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Diabesity: Tell Tale Signs and Symptoms

Diabesity is found in both overweight and TOFI ( Thin Outside Fat Inside) individuals, https://valerieberkowitz.wordpress.com/2015/05/04/stop-diabesity-in-its-tracks/#comment-5261. This bears repeating because we understand a consequence of being overweight is having diabetes but we assume that someone who is thin and looks good on the outside is immune to health issues.

I cannot emphasize the importance of everyone paying attention to the tell tale signs of diabesity. Be aware of these symptoms no matter who you are, no matter how much you weigh, REGARDLESS of family history.  Why? because 8.1 million people or approx. 28% of the US is walking around with diabetes and they don’t know it, http://www.cdc.gov/diabetes/data/statistics/2014statisticsreport.html.  

So if family history is what you use as a guiding risk factor DON’T!

In other words there are many people walking around with blood sugar issues and don’t even know it. If these “clueless” individuals are family, you do not have a “known” family history. But not being diagnosed with diabetes, insulin resistance or glucose toxicity does not mean you do not have a health condition that needs attention.

Discuss Tell Tale Precautionary Symptoms of Diabesity and Insulin Resistance With Your Doctor

  • Abdominal obesity (apple shape)
  • Sugar/carbohydrate cravings
  • Hunger after meals
  • Fatigue after meals
  • Frequent urination
  • Increased thirst and appetite
  • Difficulty losing weight
  • Gut issues (bloating, symptomatic of Decreased stomach emptying
  • Sexual dysfunction
  • Vision problems
  • Numbness and tingling in lower extremities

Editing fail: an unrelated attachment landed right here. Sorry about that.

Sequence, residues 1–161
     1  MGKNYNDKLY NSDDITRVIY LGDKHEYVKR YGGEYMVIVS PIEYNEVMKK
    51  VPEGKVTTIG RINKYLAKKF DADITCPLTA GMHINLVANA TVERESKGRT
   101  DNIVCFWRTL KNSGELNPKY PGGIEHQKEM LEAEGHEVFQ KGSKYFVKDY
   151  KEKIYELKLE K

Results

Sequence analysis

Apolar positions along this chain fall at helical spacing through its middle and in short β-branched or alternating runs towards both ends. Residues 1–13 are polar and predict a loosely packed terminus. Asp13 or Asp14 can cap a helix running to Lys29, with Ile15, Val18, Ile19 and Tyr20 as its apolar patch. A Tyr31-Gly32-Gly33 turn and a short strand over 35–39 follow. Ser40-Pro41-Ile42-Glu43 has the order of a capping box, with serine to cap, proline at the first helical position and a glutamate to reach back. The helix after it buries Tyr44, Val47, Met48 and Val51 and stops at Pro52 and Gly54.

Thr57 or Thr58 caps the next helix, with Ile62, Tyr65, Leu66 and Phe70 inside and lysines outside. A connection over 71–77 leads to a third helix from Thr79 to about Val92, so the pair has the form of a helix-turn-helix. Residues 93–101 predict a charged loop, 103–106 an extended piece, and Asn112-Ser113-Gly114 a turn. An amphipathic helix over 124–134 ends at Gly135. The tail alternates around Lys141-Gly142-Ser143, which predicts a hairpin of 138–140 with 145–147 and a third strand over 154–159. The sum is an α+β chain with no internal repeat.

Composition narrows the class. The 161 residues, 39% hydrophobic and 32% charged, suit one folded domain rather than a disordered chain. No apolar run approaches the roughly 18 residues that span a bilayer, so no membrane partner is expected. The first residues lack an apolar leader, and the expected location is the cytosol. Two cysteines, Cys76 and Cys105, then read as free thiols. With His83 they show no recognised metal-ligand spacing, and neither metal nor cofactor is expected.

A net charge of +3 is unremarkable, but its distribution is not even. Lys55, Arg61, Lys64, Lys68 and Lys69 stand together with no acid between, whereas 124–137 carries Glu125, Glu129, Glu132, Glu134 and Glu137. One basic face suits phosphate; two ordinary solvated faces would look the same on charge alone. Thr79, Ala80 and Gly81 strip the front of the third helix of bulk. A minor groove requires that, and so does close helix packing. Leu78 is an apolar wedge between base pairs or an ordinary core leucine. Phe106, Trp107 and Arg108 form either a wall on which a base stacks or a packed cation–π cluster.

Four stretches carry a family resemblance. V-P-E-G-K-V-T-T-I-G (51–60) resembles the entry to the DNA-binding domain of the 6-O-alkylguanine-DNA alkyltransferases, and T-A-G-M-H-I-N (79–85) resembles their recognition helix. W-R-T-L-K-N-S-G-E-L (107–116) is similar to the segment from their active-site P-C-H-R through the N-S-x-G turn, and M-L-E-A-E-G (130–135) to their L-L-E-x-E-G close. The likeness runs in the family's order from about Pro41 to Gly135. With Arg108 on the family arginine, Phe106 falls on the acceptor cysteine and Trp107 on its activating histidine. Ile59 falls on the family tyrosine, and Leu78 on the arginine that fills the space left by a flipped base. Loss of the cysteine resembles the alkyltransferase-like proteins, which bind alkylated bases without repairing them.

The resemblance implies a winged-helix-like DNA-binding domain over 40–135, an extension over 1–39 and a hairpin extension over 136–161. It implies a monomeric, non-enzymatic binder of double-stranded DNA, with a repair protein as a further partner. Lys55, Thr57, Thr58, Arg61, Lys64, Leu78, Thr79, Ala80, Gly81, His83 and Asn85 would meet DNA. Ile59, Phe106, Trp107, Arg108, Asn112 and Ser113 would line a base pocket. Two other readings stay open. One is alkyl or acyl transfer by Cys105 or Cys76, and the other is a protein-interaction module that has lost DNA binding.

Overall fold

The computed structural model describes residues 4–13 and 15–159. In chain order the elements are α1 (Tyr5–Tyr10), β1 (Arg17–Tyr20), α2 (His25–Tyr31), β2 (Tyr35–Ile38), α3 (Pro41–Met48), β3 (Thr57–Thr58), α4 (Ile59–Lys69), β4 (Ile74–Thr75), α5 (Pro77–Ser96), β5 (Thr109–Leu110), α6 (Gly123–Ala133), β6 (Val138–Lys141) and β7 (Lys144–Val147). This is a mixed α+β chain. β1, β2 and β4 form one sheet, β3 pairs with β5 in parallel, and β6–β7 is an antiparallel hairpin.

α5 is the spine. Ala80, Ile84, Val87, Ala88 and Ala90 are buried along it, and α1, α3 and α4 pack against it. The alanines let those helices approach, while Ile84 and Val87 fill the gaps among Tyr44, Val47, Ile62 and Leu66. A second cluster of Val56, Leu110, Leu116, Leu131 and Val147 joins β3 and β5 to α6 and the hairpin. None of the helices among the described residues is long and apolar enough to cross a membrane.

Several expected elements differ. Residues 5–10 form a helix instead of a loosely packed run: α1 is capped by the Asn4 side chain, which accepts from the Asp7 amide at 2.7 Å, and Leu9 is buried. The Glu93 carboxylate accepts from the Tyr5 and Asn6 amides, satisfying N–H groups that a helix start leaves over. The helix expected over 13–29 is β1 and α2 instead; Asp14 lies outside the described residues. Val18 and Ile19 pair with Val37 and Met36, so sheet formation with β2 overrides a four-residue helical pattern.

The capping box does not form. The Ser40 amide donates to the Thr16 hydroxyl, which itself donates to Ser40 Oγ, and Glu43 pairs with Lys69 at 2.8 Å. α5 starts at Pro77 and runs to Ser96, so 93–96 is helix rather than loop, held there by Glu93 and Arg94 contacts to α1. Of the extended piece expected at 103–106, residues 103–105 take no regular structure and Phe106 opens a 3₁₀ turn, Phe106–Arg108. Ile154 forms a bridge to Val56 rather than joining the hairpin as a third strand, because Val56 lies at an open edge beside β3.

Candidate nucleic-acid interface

• Rapid heartbeat
  • Sudden mood changes
  • Sudden nervousness
  • Unexplained fatigue
  • Pale skin
  • Headache
  • Shaking
  • Sweating
  • Difficulty sleeping
  • Skin tingling
  • Skin tags
  • Gum disease
  • Trouble thinking clearly or concentrating

Ask About Tell Tale Clinical references:

  • Abdominal obesity
  • Dyslipidemia (low HDL, high LDL and high triglycerides)
  • Hypertension
  • Hyperinsulinemia
  • Hyperglycemia (fasting above 100 mg/dL, Hb1Ac above 5.5)
  • Systemic Inflammation (elevated insulin production, C-reactive protein)
  • Hypercoagulable State (tendency to form blood clots)

Ask Your Doctor To Include Tell Tale Blood Tests as Part of Routine Check-ups:

  • Fasting glucose: blood glucose level after fasting for at least 8 hours
    • Normal: 70 – 89 mg/dl
    • Borderline: 90 – 99 mg/dl
    • Impaired glucose tolerance/Pre-diabetes : 100 – 125 mg/dl
    • Diabetes: >126 mg/dl
  • Oral glucose tolerance test: blood glucose level 2 hours after a 75 gram glucose drink (adjusted based on weight)
    • Reactive hypoglycemia: glucose level less than fasting level
    • Normal: less than 140 mg/dl
    • Impaired glucose tolerance/Pre-diabetes: 141 – 199 mg/dl
    • Diabetes: > 200 mg/dl
    • Diabesity : Work-up
  • Fasting Insulin level: insulin level after fasting for at least 8 hours
    • According to Stephen Guyenet, University of Washington, the average insulin level in the U.S. for men is 8.8 mIU/ml and women is 8.4 mIU/ml
    • Reactive hypoglycemia: less than 3.0 mIU/ml
    • Normal : 3.0 to 8.3 mIU/ml
    • Elevated levels : >8.4 mIU/ml
  • Fasting C-peptide level:  a  substance produced by the pancreatic beta cells when proinsulin splits apart to form one molecule of c-peptide and one molecule of insulin
    • Reactive hypoglycemia: less than 0.9 ng/ml
    • Normal : 1.0 – 3.0 ng/ml
  • Leptin: a hormone that is essential for regulation of metabolism and hunger. Blood levels are directly correlated with the amount of triglycerides stored in adipose tissue.
    • Normal for men: 1.2 -9.5 ng/ml
    • Normal for women: 4.1 – 25.0 ng/ml
  • HgbA1c: average blood sugar level for the past 2 to 3 months. This test measures what percentage of your hemoglobin is glycated (coated with sugar)
    • Reactive hypoglycemia: less than 5.0 percent
    • Normal : 5.0 to 5.6 percent
    • Impaired glucose tolerance/Pre-diabetes : 5.7 -6.4 percent
    • Diabetes: >6.5 percent
  • Fructosamine: a glycated serum protein that measures average blood glucose level over the past 2 to 3 weeks
    • Normal : 200 – 257 umol
    • Impaired glucose tolerance/Pre-diabetes: 258– 287 umol
    • Diabetes: >288 umol

The first step to maintaining or attaining good health is to be self aware of the early signs and symptoms of diabesity, glucose toxicity and insulin resistance. Use these lists to communicate with your doctor.  What can you do if you have a blood sugar or insulin issue? The solution, may or may not be easy but you have a choice and it is a powerful one that you can manage. The simple solution is up next week.